Who is the man selling plants in the SCC?
If you were wondering what an oasis of greenery was doing in the middle of the Shapiro Campus Center on Oct. 17 and 18, or why people were leaving with tiny plants, wonder no longer. It was just Randy Skolnick, Brandeis’s friendly neighborhood plantsman.
Only on campus for a couple days a year, and with no clear advertising by the Department of Student Activities, his presence on campus seems evanescent. But Skolnick manages to make an impression anyway, because he is not your average vendor. It’s not just that he grows and sells a wide variety of miniature plants. There is a charisma about him –– an infectious love he has for his life and livelihood, as if they were one and the same. Whatever the appeal, it has continued to draw people, familiar or new, to his plant sale year after year.
Reminiscing on his career in an interview with the Justice, Skolnick confessed that his interest in plants began by accident. He reflected, wistfully at first, on how a girl had broken his heart many years ago. “My neighbor bought me these three plants to console me, and I killed two. And then,” he recalled more fondly, “She gave me my first plant lesson.” It inspired him to put all the energy from his heartbreak into growing plants.
By the time Skolnick attended college, his plant hobby had become a part-time job, or as he likes to say, “a hobby that got way out hand.” After graduating, he decided to pursue the hobby full time, realizing, “I was making more money doing this than a job in marketing would have paid me; so I said, why take a 50 percent pay cut to have to put on a suit and go into Manhattan for work?”
According to his wife, June Skolnick, a recently retired teacher, Randy became a plant entrepreneur. “I owned a flower shop for 20 years, and I had a flower shop across the street from that for 10 years,” said Randy. “That’s 30 years. But I don’t really consider myself a florist. I owned a florist shop,” he clarified. To this day, he has retailed everything from bonsais and succulents to orchids and folia, and even fish.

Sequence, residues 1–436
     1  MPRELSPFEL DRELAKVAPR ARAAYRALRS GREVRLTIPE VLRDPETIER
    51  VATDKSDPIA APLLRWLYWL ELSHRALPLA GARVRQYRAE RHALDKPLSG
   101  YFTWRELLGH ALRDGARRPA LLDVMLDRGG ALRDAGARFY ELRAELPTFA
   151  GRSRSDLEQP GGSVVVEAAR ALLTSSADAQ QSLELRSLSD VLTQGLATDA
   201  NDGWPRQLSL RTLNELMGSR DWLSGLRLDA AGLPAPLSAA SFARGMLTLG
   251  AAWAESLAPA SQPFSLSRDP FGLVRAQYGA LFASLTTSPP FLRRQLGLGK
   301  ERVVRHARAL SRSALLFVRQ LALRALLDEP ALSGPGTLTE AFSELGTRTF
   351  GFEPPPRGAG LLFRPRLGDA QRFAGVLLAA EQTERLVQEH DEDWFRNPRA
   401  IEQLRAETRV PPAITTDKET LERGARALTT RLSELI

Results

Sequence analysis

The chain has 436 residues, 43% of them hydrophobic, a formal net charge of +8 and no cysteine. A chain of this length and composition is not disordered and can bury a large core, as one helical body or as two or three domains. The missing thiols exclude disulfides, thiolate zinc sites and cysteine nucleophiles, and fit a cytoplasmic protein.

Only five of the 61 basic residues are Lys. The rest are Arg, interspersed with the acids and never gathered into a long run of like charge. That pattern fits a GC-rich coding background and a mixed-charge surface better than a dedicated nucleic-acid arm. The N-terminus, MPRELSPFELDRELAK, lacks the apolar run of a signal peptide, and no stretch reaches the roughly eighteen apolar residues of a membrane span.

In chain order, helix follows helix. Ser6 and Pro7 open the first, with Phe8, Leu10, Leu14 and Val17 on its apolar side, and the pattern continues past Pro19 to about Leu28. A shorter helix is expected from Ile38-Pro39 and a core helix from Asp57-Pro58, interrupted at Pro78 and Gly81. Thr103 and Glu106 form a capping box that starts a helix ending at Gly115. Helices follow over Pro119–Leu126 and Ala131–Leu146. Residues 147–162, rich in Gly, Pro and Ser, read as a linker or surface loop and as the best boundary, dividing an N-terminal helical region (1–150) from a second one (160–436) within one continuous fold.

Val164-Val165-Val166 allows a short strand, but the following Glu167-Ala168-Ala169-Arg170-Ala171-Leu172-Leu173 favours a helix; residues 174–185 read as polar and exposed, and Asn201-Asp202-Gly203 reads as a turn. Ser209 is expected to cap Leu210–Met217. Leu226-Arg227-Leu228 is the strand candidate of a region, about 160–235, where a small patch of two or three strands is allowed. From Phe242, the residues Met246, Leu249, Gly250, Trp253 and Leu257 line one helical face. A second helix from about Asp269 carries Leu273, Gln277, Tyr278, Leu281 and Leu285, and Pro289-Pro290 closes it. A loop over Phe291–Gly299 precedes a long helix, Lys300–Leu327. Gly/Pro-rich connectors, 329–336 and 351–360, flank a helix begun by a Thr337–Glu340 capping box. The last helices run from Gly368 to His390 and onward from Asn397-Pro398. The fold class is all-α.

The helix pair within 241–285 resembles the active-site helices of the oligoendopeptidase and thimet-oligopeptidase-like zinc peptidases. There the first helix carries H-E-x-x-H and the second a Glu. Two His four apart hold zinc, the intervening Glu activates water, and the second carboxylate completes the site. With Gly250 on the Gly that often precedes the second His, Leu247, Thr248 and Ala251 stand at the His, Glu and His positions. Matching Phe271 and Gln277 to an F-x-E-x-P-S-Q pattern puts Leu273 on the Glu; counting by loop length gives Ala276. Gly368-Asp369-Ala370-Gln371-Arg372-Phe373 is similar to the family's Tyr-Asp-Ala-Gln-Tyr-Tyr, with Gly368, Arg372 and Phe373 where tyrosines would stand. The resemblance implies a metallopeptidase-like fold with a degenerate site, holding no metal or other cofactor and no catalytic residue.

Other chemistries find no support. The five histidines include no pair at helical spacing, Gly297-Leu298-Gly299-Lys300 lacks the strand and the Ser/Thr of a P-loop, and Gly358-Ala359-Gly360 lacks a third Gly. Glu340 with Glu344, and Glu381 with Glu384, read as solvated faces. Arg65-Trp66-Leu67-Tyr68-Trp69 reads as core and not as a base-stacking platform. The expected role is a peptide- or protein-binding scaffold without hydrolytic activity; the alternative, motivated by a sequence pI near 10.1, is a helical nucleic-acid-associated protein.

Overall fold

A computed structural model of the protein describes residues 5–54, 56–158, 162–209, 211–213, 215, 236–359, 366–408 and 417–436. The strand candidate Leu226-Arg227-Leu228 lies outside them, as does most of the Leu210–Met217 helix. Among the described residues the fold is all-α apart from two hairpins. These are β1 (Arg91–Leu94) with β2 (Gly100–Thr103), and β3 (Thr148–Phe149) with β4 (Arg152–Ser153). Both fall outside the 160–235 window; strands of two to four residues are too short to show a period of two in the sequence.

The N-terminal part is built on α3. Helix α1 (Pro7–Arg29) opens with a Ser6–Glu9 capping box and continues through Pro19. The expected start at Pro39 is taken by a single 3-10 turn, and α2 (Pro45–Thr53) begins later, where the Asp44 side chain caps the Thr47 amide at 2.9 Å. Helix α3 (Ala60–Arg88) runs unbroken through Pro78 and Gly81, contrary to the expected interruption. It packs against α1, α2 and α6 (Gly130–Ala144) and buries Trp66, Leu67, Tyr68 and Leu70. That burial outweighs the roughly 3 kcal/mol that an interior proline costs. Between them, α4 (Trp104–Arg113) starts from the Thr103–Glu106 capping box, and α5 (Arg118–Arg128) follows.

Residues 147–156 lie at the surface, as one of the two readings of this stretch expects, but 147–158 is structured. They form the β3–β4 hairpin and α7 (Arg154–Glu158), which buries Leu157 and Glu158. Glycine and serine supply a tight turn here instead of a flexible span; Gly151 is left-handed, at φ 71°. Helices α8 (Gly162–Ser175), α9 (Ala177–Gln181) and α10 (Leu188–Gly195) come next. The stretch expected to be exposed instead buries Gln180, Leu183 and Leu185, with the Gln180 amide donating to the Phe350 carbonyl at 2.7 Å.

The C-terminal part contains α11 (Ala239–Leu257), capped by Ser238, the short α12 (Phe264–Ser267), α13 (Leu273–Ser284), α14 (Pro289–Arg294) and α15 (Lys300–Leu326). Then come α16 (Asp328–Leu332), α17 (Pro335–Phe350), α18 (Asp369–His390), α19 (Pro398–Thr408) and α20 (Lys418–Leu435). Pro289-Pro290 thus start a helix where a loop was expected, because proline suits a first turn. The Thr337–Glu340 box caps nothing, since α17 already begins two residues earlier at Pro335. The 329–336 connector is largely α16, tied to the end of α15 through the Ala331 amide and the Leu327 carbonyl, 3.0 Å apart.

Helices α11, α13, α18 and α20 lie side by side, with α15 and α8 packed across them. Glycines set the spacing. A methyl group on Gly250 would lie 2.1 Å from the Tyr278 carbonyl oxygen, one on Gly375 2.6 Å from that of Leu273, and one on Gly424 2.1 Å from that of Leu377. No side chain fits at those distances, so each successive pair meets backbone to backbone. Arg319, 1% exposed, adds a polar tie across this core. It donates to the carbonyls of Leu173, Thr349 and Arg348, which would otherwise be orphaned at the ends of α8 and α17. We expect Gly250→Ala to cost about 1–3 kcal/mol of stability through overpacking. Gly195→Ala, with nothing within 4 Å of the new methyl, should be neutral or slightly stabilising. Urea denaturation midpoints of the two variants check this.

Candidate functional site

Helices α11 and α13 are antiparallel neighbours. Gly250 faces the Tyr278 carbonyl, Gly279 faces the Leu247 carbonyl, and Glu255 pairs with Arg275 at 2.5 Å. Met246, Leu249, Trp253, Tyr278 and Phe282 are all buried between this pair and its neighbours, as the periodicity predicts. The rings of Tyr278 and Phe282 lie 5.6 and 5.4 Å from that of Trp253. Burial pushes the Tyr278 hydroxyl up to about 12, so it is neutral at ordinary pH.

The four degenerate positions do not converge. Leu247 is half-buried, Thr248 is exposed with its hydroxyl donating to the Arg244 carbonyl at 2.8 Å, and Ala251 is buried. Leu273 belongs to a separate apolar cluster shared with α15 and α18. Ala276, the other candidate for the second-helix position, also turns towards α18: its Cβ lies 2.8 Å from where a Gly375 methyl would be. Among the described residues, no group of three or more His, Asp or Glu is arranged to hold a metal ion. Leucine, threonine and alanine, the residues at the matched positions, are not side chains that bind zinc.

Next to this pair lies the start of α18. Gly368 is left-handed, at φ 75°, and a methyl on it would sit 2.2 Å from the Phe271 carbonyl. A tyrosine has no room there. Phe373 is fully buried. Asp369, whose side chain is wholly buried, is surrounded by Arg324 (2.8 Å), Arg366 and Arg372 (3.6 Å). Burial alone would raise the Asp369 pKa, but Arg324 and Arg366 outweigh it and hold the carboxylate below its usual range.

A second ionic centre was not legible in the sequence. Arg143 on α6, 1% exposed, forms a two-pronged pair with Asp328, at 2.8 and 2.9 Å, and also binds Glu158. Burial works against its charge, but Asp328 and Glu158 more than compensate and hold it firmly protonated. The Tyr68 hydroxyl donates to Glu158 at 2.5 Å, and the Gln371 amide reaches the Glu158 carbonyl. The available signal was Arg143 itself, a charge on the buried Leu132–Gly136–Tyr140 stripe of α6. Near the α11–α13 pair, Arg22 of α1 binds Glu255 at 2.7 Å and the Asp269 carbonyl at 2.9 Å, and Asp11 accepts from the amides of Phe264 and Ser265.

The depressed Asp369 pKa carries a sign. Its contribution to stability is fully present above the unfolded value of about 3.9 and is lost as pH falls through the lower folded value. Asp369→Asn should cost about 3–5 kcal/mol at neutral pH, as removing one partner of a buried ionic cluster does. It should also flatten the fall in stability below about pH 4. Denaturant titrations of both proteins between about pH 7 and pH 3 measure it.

He transitioned from his shops to college campuses about 18 years ago. “I loved it. I miss it. But I wouldn’t do it again because the marketplace has changed,” he said, citing competition from chain stores such as the Home Depot and supermarkets. “I mean, if someone told me they did what I do, I’d think they were out of their minds,” he added.
Skolnick originally sold his plants at schools close by, like Fordham University, Columbia University and the Fashion Institute of Technology, but eventually expanded to the rest of the Northeast. He has been to universities in Massachusetts, Connecticut, New Jersey, New York and Pennsylvania, at one point visiting 40–50 campuses during the season.
He also dabbled in the corporate sector, bringing his plants to name brands, such as Aetna Inc., PepsiCo and Sikorsky Aircraft. “And then I used to do all the flower shows,” he said, elaborating, “I would leave, like, on a Tuesday, build my booth, do the show all week, come home Sunday night, sleep Monday and then leave for the next city Tuesday.” He eventually stopped going to the shows, limiting his work travels to universities to be able to spend more time in New York with his family.